This poem is dedicated to my granddad and the massive part he has played in my life. I give him these words, and I do so with love.

Rest peacefully Granddad, you live on always in my heart xxx

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Time for Tea

How sweetly the light doth shine, as summer warms from winter’s rhyme! This week we have another poem, an update on the tour and for the first time ever, an extract from my book!

The Lion Hearts tour is a week closer and an opening date in Lambeth has now been confirmed. The gig will kick the tour off on October 31st and is currently the only London date planned.

It is an honour to be working with the Healthy Living Club at Lingham Court and helping to celebrate age in a positive light. Click here for more details!

All proceeds from this concert will go to help those with dementia, so please stay tuned for more details and support this event in any way that you can.

So sticking with the tour and our focus on age, I am this weekend presenting an extract from my book “Me, My World and I”. This is the first time I have ever published from these pages.

Last week we looked at my writing partner, Maree Ward Russell’s, excellent offerings to the world of dragons, ghosts and fairy dust and the temptation this week was to follow up with my poem The Coming of Fairies. But in the end I have decided to present Time for Tea.

For some, this poem will represent a shift from that to which you have become accustomed. The fact is that unless you have ever read my book, you could be forgiven for thinking that I only ever write romance.

Not so! This is a poem with a clear metaphor and supporting prose that hopefully will jolt you from your armchair as a double dose of smelling salts taken deeply to the airways.

Time for Tea
One day, I’ll climb a mountain,
Or swim an open sea.
But for now, I think I’ll sit here,
And maybe drink some tea.

Today I’m kind of busy,
But still I’m in my prime.
I’ll put it in my diary,
And fit it in sometime.

I know I’m getting older,
Not beating round the bush.
But I have still got ages,
There’s isn’t any rush.

I know what you are thinking,
Things still are left undone.
But then there is tomorrow,
While for now I have to run.

I never climbed a mountain,
Or swam an open sea.
The time, it went so quickly,
While drinking lots of tea.

Extracts from the accompanying chapter in my book Me, My World and I

“Time for Tea”, takes a serious subject and delivers it in a light, bubbly manner. The quatrain stanzas (verses of four lines) simply bobble along. It’s an easy read with no real baggage, but its meaning is in your face without any real brain power being required.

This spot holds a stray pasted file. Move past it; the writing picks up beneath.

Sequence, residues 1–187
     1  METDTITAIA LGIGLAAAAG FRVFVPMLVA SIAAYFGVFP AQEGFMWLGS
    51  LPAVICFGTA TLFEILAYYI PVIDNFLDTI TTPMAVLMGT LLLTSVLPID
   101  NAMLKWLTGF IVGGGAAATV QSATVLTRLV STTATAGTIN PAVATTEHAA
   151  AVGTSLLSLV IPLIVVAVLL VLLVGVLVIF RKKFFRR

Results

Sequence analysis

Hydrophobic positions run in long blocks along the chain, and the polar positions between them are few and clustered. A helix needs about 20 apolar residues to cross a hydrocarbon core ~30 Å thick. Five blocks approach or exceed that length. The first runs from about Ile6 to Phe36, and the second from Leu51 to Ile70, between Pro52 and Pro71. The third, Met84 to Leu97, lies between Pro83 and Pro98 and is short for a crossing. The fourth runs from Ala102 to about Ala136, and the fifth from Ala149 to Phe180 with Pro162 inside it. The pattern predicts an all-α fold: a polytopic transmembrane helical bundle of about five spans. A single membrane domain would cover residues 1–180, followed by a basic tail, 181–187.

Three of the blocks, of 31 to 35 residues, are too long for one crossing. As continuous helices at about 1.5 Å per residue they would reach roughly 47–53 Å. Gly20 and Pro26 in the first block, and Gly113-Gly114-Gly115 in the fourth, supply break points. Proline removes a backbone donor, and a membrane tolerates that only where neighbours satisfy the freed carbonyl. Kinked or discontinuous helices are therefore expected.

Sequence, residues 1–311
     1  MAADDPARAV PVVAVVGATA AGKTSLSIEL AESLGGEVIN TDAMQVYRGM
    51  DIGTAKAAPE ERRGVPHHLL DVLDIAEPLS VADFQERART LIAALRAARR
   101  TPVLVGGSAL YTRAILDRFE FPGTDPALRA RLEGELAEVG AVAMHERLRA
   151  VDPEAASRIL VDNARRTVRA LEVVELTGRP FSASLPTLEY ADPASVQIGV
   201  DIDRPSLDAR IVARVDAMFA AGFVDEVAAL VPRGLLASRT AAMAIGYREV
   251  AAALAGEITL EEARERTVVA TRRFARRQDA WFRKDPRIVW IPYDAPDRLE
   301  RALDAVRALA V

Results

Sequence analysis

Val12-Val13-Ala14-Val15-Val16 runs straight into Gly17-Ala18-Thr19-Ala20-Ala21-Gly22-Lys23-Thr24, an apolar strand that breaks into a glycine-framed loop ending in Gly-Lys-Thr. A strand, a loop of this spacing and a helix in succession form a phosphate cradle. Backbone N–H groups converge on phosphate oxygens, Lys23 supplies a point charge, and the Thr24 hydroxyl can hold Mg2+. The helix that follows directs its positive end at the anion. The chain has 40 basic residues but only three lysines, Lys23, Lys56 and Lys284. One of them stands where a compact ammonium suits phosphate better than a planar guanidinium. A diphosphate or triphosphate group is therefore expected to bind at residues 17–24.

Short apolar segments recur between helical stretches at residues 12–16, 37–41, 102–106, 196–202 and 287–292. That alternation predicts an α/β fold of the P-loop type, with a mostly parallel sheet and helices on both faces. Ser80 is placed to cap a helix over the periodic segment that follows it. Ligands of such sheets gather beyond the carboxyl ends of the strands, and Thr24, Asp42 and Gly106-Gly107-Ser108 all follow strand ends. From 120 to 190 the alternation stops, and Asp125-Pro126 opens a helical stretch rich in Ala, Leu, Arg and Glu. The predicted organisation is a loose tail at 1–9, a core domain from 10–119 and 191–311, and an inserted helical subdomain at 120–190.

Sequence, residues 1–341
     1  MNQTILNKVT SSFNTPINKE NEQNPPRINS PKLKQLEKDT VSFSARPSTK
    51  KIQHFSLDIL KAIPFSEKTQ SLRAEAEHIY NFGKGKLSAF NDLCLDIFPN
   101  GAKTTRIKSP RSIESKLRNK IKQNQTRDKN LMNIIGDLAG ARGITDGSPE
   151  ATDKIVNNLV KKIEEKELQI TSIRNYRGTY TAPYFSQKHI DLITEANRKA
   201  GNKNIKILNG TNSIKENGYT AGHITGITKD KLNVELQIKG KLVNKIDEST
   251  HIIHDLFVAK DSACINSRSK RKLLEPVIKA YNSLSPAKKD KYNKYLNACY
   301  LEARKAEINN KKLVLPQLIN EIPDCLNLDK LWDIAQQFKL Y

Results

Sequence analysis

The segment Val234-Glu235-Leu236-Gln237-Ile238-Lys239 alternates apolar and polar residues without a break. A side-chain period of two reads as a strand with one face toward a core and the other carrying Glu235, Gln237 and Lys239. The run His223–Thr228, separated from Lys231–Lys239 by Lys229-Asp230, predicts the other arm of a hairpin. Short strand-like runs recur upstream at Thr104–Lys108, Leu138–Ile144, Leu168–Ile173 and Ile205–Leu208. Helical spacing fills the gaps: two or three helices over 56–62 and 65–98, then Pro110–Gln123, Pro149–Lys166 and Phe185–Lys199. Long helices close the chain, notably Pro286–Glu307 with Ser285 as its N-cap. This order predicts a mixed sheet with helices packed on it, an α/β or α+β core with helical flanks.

With little effort, you’ll find the cliché: never put off until tomorrow what can be done today. It’s wrapped in verse and presented in five easy to swallow slices. This is “all mouth and no trousers” alive, kicking, and in your face. No more excuses; we are all guilty!

From the moment we are born, the clock is ticking. None of us know when our time will be up. We all know this, and yet we nearly all put off until tomorrow what we perhaps could do today. Who thinks his or her dream is a priority? Who explores their dreams regardless of expense and consequence?

The truth is that the pressure of everyday life means that the majority of our dreams are impractical, unaffordable, or unachievable.

But strip back the fact that we are so often slaves to our wild imaginations. Remove the debris of the impractical, unaffordable, and unachievable, and we are still given to putting what’s left on the back burner. We are totally obsessed with saving money while looking forward to what might be. True, we all have to live – and we need money for that – but as I asked a little earlier, what if tomorrow doesn’t come? What then?

“Time for Tea” is less about the emotional aspects of being stuck in a routine and more about its consequences. That is to say, if we become a slave to life, when will there ever be time to realise dreams or become more than we already know ourselves to be?

So I say, rise up against the grind and strike out against making do with things as they are! It is time to reach out and grab your dreams by the throat. There will be plenty of time for tea later!

You can read this chapter in its entirety in my book, Me, My World and I
Click here if not in America and here if in America

You can find out more about Lion Hearts here: http://www.lionhearts-crusade.com and you can hook up with my wonderful writing partner Maree here: http://www.mwrussell-books.com Maree can also be found on Twitter: Follow @mibbymw